Obama's Attack on Iran Deal Critics Compares GOP Caucus to 'Death to America' Chanters
"If, as has also been suggested, we tried to maintain unilateral sanctions, beefen them up, we would be standing alone. We cannot dictate the foreign, economic and energy policies of every major power in the world. In order to even try to do that, we would have to sanction, for example, some of the world's largest banks. We'd have to cut off countries like China from the American financial system," he said. "And since they happen to be major purchasers of our debt, such actions could trigger severe disruptions in our own economy, and, by way, raise questions internationally about the dollar's role as the world's reserve currency. That's part of the reason why many of the previous unilateral sanctions were waived."
"What's more likely to happen should Congress reject this deal is that Iran would end up with some form of sanctions relief without having to accept any of the constraints or inspections required by this deal. So in that sense, the critics are right. Walk away from this agreement, and you will get a better deal -- for Iran."
Obama added that he wouldn't "mince words: The choice we face is ultimately between diplomacy or some form of war. Maybe not tomorrow, maybe not three months from now, but soon."
"I recognize that resorting to force may be tempting in the face of the rhetoric and behavior that emanates from parts of Iran. It is offensive. It is incendiary. We do take it seriously," he said. "But superpowers should not act impulsively in response to taunts or even provocations that can be addressed short of war. Just because Iranian hardliners chant 'Death to America' does not mean that that's what all Iranians believe. In fact, it's those -- in fact, it's those hardliners who are most comfortable with the status quo. It's those hardliners chanting 'Death to America' who have been most opposed to the deal. They're making common cause with the Republican Caucus."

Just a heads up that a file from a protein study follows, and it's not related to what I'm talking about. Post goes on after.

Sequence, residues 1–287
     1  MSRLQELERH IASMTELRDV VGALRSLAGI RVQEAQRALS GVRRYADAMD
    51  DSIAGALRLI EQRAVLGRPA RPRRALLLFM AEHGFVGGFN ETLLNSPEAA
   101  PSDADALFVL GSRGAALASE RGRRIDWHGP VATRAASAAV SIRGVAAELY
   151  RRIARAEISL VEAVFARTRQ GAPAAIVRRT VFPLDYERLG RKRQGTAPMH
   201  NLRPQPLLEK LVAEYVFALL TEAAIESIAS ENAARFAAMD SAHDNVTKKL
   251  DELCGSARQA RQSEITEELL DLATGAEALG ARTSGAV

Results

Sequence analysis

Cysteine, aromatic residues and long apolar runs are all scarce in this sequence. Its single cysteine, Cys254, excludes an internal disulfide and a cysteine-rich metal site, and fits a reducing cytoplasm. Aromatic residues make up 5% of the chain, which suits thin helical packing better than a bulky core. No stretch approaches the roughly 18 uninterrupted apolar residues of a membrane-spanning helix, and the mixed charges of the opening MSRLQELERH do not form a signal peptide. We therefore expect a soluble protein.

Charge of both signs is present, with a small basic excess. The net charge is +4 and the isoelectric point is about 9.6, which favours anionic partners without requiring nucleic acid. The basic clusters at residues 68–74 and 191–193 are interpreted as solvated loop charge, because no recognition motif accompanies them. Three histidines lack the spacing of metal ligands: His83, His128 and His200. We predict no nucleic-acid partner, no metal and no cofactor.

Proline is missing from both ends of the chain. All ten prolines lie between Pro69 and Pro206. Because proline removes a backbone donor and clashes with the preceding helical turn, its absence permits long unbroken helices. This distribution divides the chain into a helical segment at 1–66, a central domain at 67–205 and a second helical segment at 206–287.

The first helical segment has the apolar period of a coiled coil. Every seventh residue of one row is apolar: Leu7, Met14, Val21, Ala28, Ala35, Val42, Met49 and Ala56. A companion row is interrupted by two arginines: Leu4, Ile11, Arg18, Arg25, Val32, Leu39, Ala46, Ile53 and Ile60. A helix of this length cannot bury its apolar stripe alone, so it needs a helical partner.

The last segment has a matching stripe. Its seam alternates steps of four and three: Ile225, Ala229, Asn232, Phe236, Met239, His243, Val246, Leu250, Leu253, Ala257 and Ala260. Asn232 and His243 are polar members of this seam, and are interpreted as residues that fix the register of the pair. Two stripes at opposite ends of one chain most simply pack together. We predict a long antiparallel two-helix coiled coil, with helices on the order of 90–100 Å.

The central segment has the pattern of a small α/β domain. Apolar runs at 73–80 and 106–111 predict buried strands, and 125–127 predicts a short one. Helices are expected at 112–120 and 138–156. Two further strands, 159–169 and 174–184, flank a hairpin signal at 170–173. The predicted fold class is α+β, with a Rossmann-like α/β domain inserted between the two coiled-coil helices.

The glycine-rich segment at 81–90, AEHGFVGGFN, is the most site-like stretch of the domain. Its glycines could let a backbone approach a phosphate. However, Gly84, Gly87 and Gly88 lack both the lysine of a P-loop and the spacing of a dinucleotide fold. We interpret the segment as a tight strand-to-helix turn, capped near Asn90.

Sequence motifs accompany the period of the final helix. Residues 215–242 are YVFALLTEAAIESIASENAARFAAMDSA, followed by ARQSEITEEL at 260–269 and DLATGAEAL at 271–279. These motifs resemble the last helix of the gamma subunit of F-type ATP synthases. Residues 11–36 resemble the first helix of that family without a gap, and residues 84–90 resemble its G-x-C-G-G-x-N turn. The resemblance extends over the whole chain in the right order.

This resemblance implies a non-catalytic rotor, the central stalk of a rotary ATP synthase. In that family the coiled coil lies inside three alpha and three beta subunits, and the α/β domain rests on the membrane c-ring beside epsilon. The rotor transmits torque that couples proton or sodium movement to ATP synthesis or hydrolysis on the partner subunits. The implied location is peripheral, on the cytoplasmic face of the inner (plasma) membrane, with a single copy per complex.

Obama said "when we carefully examine the arguments against this deal, none stand up to scrutiny."
"That may be why the rhetoric on the other side is so strident. I suppose some of it can be ascribed to knee-jerk partisanship that has become all too familiar, rhetoric that renders every decision made to be a disaster, a surrender. You're aiding terrorists; you're endangering freedom," he said, adding that opposing the deal out of "affinity" for Israel is a "more understandable motivation."
"Israel can defend itself against any conventional danger, whether from Iran directly or from its proxies," the president added.
"I recognize that Prime Minister Netanyahu disagrees, disagrees strongly" with the deal, Obama acknowledged. "I do not doubt his sincerity, but I believe he is wrong. I believe the facts support this deal. I believe they are in America's interests and Israel's interests, and as president of the United States it would be an abrogation of my constitutional duty to act against my best judgment simply because it causes temporary friction with a dear friend and ally."
"...What separates us from the empires of old, what has made us exceptional, is not the mere fact of our military might."